secret garden

By freespiral


Thursdays are days off, we all do our own thing and today, the weather turning dismal, I have been focusing on family history.

I was thrilled to discover a couple of years ago that I had a Kiwi family connection. In 1861 my great great great great uncle John set sail for New Zealand along with his wife Christina and their nine month old baby daughter, Margaret. John was originally from the borders of Scotland, Chirnside in Berwickshire, and the family were all ag labs, rabbit catchers and shepherds to a man. John’s brother, William, my great great great great grandpa was a shepherd and he remained in Scotland, raised a family and behaved. His brother seems a bit more of a live wire. Baby Margaret arrived in October 1860 to the unwed Christina, and John questioned paternity. He went to court to settle the matter and won his appeal. However, three months later he and Christina were married and six months later they were off to New Zealand. Did he jump or was he pushed? They sailed from Glasgow on the Pladda arriving in Port Chalmers 98 days later. They travelled steerage and it cost them 32 pounds.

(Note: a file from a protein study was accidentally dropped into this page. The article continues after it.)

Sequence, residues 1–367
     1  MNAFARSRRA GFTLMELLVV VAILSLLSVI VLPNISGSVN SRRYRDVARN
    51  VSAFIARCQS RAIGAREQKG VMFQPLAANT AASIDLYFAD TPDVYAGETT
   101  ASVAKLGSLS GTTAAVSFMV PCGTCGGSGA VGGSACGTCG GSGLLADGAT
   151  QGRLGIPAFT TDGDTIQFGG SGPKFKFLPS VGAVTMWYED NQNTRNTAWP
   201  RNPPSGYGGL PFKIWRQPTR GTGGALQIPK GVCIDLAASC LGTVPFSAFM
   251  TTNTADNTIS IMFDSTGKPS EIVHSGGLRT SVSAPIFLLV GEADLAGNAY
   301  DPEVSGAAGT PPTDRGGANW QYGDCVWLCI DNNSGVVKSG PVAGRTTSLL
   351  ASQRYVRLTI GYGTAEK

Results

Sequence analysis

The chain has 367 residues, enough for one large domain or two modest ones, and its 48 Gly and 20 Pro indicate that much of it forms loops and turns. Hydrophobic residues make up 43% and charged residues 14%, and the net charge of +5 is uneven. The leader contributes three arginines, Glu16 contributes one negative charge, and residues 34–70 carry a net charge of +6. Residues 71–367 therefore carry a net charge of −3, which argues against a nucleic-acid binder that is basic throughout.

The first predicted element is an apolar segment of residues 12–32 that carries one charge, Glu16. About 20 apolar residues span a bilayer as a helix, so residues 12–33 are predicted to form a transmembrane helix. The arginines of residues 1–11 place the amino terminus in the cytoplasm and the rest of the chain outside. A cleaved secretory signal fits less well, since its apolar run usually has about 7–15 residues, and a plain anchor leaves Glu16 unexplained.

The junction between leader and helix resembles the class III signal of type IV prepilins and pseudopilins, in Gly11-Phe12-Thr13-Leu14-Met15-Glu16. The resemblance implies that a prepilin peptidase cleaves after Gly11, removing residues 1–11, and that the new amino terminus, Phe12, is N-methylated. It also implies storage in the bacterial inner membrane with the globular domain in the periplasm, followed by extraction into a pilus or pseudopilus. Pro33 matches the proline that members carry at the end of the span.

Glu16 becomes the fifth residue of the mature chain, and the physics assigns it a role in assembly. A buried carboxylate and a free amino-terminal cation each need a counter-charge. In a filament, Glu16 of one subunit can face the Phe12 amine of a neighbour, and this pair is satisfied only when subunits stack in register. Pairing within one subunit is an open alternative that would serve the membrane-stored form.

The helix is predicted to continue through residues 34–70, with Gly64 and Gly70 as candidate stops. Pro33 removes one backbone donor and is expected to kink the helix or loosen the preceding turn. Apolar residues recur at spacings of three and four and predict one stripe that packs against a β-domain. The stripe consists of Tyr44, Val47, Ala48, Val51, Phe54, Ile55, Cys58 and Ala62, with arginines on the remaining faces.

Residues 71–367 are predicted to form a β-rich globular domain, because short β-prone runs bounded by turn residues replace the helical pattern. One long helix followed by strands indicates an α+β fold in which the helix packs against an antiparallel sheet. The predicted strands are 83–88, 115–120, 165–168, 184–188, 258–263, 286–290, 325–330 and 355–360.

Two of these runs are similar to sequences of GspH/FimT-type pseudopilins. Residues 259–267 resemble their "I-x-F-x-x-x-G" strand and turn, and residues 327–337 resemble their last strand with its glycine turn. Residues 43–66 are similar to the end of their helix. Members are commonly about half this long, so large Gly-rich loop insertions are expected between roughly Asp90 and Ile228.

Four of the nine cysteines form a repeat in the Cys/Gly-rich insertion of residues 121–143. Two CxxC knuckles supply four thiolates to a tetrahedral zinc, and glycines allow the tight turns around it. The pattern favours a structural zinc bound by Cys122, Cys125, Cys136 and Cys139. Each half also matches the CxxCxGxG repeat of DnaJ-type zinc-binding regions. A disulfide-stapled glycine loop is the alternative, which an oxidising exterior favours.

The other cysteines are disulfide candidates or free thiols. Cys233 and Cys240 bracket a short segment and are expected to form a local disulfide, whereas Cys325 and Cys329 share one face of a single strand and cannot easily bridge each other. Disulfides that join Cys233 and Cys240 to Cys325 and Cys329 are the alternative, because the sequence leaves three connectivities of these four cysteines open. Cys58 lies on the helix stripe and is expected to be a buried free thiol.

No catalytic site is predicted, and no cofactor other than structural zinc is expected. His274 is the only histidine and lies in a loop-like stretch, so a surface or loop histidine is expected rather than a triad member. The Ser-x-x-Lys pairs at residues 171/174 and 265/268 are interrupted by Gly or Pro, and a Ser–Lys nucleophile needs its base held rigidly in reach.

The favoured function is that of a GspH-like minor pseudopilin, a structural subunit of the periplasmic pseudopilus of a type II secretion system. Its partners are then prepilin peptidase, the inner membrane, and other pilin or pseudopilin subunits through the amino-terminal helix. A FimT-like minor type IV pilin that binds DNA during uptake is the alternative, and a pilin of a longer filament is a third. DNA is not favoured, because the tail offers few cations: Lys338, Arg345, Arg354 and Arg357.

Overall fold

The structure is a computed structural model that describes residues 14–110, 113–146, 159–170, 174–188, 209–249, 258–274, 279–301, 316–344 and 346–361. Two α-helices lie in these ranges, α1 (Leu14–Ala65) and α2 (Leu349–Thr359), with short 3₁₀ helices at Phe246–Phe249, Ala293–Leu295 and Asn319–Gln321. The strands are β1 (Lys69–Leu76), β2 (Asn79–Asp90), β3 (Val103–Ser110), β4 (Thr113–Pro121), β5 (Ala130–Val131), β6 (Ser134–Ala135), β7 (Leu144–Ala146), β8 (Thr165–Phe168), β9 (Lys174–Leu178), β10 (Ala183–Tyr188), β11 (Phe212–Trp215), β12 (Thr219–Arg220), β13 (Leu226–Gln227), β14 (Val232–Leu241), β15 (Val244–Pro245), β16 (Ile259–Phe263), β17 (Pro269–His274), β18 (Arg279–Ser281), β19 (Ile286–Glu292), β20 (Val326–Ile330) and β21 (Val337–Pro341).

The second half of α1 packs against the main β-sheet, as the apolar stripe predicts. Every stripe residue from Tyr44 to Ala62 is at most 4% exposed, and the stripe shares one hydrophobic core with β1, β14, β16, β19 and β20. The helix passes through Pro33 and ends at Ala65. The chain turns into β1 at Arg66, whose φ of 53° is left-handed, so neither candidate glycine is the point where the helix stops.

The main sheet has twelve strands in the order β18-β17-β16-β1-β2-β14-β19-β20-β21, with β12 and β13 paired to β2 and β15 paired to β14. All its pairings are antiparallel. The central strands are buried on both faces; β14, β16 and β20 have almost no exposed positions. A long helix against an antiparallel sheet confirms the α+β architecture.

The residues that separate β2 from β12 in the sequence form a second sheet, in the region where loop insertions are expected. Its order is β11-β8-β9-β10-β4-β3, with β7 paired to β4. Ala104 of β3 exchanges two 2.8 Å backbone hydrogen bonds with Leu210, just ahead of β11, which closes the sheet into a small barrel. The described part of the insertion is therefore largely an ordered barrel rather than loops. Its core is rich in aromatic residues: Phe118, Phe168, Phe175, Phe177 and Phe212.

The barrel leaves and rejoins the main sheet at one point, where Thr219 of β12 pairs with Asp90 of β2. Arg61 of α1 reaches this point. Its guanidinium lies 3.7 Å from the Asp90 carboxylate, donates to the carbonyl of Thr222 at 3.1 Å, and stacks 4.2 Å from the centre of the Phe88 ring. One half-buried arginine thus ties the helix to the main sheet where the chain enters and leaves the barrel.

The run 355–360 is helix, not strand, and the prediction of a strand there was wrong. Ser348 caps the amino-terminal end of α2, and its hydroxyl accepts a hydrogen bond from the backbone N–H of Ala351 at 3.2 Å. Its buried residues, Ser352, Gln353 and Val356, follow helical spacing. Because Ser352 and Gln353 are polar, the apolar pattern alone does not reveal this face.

John and Christina walked from Port Chalmers to Tokoiti. John carried swag and Christina carried the baby. They found work on a farm and were eventually able to buy their own land in Akatore, which is near Dunedin where many Scots emigrated. Life must have been very tough but they went on to have another 10 children, 9 of whom survived and continued to populate South Island! This rather amazing image was taken to celebrate their 50th wedding anniversary. You have to look very closely to see them, John has a fine beard ( runs in the family) and Christina has a hat and a stern expression. John was fond of the drink apparently, and a bit of a hypochondriac but he lived until he was 86! Christina reached a respectable 76 and must have been hardy though she was described as having a dormant personality - not sure what that means. She doesn't look remotely dormant. See extra.

Yesterday I found that one of their daughters, Isabelle Anne, is buried very near to Timaru where Rainie lives! Even more weirdly we went to the church associated with the cemetery when Rainie took us on a tiki last year! Isabelle and her husband had a dairy farm - it’s still there Glen Willow, and now highly automated. What a very small world. 

And on a different not. Emirates are now offering 1500 euro towards your funeral should you die from Covid contracted on one of their flights. That's reassuring then.

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